C.S. Lewis on a Story’s Most Essential Element

A few weeks ago, I shared a video that discussed C.S. Lewis’s two ways of seeing.  Today, I want to share another video, a sequel to the first.

Closely connected to Lewis’s two ways of looking was his belief that the most essential element of a story was its atmosphere, or its general feel.  More important than character and theme was whether the texture of the story was believable and cohesive enough to draw the reader fully into the story.

Entering the Atmosphere

Flaws in the character could be overlooked (since everyone has quirks), but a fault in the atmosphere would ruin its spell and sink the story.  The ultimate test of a story’s atmosphere was how often the book was reread.  When a reader comes to a book a second time, he or she already knows the plot, so can’t be surprised by it.

So what’s the point in reading it again?

The reader returns to a good story in order to enjoy its atmosphere again.  He wants to be enchanted again by the story’s alluring texture.

Video:  The Most Essential Element of a Story

Looking at the Atmosphere

There is a close connection between reading a story for its atmosphere and learning to see along something (see the first video for more on seeing).  When we see along something, we are entering into it as fully as possible, participating in it to the best of our ability.  When we see along a light beam, our eyes enter into the beam itself and so we see many things that we could not see when our eyes were outside the beam of light.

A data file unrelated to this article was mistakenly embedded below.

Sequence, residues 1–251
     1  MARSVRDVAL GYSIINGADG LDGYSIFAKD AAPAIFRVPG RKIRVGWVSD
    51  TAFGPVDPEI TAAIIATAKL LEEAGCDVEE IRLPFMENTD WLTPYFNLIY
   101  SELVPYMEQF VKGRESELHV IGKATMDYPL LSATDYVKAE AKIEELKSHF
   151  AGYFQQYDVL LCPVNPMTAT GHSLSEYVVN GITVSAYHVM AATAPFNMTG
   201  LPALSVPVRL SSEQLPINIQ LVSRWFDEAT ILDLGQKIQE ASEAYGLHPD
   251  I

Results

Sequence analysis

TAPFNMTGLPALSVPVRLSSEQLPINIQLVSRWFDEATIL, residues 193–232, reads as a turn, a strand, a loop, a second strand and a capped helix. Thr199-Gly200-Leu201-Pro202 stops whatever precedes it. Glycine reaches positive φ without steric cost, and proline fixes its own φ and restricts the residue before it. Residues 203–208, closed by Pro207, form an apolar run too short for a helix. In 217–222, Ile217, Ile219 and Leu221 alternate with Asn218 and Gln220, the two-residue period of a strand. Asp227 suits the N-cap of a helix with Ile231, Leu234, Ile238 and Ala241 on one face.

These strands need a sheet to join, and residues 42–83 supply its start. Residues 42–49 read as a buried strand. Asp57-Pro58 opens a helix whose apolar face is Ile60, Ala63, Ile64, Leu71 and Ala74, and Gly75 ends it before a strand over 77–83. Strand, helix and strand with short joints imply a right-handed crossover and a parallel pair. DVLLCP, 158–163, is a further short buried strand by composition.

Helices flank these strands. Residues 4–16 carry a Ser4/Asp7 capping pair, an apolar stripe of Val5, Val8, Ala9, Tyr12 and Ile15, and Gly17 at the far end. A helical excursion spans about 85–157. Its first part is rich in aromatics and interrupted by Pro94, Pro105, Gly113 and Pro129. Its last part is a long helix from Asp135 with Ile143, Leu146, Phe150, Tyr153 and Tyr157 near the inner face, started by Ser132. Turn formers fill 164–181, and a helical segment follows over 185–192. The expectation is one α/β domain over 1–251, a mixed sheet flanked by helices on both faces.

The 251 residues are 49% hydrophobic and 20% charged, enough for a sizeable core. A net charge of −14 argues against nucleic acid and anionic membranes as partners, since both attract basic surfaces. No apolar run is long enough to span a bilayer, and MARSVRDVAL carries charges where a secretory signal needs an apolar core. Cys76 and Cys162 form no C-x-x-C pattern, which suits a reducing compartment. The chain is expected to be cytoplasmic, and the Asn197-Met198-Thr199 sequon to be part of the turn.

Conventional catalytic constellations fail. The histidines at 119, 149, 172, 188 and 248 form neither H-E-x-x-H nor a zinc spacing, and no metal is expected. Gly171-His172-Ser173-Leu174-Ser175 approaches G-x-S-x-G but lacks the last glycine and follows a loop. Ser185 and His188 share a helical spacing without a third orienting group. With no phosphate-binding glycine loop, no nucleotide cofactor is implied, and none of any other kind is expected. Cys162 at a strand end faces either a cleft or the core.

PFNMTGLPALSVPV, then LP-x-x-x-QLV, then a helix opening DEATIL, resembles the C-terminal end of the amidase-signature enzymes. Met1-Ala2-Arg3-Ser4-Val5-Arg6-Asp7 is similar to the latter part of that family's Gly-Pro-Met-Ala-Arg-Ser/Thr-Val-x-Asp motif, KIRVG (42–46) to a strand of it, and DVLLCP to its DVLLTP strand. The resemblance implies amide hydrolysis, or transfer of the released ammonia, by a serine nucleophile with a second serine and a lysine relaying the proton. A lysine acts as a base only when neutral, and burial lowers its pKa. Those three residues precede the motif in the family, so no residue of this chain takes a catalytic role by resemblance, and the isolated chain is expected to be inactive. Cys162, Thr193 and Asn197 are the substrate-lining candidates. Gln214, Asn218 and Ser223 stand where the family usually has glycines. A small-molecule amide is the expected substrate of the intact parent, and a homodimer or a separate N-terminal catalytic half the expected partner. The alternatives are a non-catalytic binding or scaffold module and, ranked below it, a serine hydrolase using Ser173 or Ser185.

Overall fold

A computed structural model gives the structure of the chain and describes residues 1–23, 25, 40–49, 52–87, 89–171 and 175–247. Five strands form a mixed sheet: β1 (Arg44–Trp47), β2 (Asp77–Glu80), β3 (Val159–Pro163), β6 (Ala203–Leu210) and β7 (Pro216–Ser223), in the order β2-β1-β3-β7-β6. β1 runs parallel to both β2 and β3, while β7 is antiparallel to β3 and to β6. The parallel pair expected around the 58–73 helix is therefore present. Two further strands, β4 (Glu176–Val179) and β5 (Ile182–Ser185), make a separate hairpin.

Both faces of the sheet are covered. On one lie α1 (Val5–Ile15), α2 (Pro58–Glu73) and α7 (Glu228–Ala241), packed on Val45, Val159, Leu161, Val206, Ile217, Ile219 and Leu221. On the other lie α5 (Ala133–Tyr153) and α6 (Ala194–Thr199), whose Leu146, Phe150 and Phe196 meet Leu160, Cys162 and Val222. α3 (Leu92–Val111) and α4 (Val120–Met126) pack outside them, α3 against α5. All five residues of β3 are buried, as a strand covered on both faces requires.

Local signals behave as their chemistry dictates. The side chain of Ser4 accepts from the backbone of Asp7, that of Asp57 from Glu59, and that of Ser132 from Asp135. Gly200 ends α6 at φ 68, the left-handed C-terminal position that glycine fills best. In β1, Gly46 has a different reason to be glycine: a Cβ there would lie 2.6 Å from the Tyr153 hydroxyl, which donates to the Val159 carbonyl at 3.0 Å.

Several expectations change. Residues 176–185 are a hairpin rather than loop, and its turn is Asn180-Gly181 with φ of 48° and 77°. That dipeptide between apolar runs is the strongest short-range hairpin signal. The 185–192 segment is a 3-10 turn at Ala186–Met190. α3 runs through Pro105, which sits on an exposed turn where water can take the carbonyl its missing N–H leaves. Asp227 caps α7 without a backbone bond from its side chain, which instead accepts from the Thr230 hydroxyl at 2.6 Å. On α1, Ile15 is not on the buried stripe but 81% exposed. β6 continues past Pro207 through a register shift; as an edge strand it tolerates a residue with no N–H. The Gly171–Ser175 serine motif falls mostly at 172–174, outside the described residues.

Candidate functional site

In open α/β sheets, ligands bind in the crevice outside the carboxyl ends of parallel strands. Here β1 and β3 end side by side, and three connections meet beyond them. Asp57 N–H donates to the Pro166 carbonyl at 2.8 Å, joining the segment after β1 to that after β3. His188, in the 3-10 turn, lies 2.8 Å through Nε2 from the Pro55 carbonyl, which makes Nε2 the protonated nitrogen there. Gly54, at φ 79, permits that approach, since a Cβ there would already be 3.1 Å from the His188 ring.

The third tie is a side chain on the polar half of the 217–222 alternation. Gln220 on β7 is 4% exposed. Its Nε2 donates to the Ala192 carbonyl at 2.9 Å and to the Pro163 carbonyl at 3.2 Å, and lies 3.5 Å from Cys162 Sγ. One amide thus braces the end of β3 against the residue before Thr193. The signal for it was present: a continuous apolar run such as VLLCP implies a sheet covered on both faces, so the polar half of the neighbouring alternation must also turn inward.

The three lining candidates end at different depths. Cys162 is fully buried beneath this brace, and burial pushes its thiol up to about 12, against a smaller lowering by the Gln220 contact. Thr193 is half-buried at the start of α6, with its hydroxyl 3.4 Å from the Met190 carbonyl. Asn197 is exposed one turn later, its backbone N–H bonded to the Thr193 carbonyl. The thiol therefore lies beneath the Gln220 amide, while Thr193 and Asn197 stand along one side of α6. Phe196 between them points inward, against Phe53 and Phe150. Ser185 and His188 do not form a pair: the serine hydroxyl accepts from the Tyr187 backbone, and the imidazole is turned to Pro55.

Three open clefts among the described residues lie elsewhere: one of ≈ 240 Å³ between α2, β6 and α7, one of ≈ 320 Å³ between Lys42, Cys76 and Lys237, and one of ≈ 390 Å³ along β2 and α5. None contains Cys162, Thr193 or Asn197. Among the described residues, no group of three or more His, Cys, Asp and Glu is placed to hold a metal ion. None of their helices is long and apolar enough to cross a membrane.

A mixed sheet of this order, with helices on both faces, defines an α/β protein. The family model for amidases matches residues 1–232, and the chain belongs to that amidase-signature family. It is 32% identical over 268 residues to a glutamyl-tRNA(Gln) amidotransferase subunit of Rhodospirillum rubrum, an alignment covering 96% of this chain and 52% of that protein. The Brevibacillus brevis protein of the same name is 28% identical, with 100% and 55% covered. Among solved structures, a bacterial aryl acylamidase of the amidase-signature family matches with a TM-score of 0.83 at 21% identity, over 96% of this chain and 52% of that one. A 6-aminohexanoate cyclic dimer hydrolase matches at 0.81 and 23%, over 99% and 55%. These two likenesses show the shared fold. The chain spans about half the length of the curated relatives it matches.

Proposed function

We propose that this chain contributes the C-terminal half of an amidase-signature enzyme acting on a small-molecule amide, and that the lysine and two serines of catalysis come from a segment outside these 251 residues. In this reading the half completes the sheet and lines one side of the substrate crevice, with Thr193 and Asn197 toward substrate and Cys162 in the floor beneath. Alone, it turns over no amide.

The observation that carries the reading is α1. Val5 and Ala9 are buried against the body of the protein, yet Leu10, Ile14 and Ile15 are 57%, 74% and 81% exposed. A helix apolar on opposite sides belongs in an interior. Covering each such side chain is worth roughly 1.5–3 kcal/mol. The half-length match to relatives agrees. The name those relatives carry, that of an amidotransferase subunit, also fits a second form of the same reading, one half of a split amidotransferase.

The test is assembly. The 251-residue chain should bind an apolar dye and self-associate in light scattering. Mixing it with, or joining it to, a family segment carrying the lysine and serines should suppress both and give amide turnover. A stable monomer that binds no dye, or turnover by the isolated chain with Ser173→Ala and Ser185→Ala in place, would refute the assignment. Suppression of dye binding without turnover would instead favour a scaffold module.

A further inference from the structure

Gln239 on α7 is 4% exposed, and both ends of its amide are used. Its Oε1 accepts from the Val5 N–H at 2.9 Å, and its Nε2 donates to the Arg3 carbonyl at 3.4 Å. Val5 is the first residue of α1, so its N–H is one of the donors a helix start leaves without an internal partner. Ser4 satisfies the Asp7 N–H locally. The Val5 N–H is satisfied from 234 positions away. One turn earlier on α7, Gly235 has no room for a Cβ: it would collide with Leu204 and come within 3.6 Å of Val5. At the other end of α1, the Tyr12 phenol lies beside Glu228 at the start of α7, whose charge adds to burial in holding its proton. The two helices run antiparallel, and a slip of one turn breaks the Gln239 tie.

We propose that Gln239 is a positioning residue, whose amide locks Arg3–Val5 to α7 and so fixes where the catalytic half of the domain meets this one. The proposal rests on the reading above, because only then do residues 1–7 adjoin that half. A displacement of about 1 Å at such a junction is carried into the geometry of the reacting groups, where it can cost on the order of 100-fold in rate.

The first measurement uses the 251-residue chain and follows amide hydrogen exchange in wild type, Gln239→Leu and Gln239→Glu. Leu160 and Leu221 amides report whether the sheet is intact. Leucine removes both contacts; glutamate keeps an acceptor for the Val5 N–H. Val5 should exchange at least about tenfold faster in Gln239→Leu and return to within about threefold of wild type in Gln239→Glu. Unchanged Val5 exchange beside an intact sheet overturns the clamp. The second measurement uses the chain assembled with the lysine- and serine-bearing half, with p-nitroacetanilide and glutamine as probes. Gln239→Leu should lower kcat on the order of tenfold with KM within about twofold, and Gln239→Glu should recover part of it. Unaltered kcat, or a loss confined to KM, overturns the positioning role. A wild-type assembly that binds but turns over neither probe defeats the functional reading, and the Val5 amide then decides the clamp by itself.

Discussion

Likewise, when we enter fully into a story, letting the story draw us in, we experience the story from the inside.  We enter into the atmosphere of the story, which is equivalent to the beam of light.  By immersing ourselves in the atmosphere, we become a part of the story, seeing many things in the story through the light of the story’s atmosphere.

But we never see the atmosphere itself.  To look at the atmosphere would require us to exit the story in order to contemplate it like a critic.  And as soon as we exit the atmosphere, we are no longer experiencing the story, but trying to study its atmosphere.  So, we can either see and study the atmosphere or enter and enjoy the story.  But we cannot do both at the same time.

The Atmosphere of Christ

In Miracles Lewis makes the same point about knowing Christ.  Since Christ is the maker of all that is, he is both the writer of the story of the world, as well as the star of this story.  Christ is the “atmosphere” of all creation and all reality.

The atmosphere of a story entrances us and reveals to us so much more of the story.  And when we look at the world through Christ’s revelation, the scattered and chaotic details of this world suddenly harmonize into a symphonic and ineffably complex story.

There are some deep ideas to ponder here.  The video develops these ideas in more detail, so be sure to watch it (maybe a few times.)  When you finish, share your response in the comments section below.